treat the problem without drugs.

Frank D. Aiello DDS
11521 Parkway Dr.
N Huntingdon, PA 15642
724-863-9100 Office
724-454-1801 Cell
Needing a root canal means you have an infection. Ultimately the infection is more harmful. Do the root canal on your second trimester.
Have the root canal done as soon as you can. There is more risk ignoring an active infection than having the procedure done- Check with your OB if they want you covered with antibiotic during the procedure ( I feel that is unnecessary, but check with your MD ).
Yes it is safe in fact the middle trimester is the safest time to treat
It is safe to treat it however we always check with your doctor to see if we have to take any precautions. If you are in pain and or you have an infection there is no point of postponing it. If you want to see us call 212 245 1066 .
It is perfectly safe to have the treatment that you need. Check with your
doctor to see if there are any issues if the dentist needs to place you on

The short answer is yes. Having pain or a source of infection that could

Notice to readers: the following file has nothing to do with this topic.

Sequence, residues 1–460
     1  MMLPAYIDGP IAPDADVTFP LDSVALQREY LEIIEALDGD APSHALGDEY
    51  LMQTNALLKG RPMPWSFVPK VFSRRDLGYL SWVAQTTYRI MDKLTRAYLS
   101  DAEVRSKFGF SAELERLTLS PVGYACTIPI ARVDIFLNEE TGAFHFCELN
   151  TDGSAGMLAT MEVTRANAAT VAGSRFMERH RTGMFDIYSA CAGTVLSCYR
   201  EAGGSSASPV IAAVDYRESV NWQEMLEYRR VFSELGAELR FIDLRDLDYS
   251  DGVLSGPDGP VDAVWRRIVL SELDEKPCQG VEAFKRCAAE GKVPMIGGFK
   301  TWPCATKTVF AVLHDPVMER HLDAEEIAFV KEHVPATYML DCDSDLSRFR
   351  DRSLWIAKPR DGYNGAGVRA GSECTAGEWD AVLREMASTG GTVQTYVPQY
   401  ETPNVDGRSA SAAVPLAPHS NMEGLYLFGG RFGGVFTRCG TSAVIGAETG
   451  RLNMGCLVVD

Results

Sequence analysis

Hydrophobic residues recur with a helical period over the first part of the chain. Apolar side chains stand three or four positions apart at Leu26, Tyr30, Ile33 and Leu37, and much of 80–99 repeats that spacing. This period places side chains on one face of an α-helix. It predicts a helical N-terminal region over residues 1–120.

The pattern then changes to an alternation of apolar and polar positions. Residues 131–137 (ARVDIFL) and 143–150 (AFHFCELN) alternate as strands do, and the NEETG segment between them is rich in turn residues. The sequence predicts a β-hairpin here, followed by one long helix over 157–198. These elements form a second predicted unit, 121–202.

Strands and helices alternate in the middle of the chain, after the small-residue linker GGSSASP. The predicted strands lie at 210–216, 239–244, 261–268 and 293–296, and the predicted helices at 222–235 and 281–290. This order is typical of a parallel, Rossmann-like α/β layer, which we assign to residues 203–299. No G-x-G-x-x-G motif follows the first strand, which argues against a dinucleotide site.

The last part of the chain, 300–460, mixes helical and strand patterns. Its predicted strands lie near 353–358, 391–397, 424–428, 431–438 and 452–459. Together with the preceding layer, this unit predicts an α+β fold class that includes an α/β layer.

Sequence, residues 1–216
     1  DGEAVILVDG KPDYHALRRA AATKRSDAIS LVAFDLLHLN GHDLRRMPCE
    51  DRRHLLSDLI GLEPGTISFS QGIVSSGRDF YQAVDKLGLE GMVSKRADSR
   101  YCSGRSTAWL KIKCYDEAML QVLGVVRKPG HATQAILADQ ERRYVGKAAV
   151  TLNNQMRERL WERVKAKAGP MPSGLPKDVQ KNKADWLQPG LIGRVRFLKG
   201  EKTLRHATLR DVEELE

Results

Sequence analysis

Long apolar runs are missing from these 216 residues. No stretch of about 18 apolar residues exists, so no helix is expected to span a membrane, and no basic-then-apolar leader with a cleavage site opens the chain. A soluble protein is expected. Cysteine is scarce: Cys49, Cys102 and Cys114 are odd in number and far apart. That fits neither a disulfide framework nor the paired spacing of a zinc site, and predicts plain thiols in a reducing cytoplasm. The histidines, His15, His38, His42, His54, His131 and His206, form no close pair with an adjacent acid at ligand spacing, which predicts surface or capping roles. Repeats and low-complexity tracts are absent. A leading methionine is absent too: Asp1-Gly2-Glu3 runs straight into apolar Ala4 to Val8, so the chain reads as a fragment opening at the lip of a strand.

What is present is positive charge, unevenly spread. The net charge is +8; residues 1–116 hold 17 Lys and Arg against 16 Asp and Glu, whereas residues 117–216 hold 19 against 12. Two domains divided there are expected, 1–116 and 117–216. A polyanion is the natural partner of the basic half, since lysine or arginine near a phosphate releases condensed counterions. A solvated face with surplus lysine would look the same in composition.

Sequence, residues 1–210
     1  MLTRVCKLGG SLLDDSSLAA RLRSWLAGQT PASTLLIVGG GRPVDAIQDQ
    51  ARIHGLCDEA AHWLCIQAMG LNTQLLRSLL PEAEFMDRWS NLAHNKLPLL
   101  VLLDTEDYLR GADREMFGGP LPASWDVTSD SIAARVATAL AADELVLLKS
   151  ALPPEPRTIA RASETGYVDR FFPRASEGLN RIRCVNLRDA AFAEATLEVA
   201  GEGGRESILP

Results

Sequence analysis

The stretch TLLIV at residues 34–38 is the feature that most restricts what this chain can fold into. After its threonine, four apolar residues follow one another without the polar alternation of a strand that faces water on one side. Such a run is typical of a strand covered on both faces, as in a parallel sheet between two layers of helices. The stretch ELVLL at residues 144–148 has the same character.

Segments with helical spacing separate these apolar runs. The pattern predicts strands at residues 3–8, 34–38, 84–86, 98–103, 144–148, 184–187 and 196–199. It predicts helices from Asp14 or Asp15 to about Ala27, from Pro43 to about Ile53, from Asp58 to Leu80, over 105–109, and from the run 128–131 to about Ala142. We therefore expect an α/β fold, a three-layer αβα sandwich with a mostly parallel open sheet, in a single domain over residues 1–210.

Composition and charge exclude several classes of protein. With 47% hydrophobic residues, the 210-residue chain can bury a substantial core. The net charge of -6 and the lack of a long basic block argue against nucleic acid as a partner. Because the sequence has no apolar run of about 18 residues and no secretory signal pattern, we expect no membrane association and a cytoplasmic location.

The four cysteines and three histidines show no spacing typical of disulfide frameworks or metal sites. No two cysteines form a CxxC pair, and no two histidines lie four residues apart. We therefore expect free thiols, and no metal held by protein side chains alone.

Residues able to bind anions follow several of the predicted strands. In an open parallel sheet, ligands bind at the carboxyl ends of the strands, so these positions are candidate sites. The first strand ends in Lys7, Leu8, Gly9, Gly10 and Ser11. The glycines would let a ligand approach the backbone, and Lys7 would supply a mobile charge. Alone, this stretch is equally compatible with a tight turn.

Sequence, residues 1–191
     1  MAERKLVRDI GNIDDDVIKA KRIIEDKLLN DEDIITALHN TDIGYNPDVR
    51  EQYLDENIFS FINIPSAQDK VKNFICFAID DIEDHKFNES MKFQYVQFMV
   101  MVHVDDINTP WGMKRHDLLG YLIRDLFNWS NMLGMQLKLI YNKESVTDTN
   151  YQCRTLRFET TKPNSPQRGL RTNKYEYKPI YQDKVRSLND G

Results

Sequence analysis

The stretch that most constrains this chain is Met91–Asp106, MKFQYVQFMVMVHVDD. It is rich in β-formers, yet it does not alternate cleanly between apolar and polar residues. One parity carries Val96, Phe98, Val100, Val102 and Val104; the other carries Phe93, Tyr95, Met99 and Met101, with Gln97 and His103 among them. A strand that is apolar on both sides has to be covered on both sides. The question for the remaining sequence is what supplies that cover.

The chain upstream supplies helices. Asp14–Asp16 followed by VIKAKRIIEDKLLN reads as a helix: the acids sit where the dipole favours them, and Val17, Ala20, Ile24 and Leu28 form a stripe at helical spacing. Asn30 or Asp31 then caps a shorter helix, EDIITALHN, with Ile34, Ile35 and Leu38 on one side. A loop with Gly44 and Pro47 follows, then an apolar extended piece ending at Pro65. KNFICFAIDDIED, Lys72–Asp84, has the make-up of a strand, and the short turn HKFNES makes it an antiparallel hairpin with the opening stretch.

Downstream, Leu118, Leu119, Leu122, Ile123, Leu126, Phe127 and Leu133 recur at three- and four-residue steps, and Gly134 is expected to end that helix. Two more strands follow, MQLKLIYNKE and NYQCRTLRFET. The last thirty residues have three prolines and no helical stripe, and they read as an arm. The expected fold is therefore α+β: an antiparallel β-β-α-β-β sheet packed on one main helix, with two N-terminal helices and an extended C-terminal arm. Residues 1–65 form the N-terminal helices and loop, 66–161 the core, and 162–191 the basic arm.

affect the baby is more detrimental to the baby than dental work. We
routinely do emergency dental work, such as root canals and extractions,
during pregnancy to decrease any sources of infection in the mouth.
Routine Dental work like fillings, that reduces the risk of infection, are
also performed. Preventative dental care is essential to avoid oral
infections such as gum disease. All this said, there are precautions that
we take. All non-essential dental work is postponed until after the baby
is born. If dental work is done during pregnancy, the second trimester is
ideal. Once you reach the third trimester, it may be difficult to lie on
your back for an extended period of time. If dental work is needed, the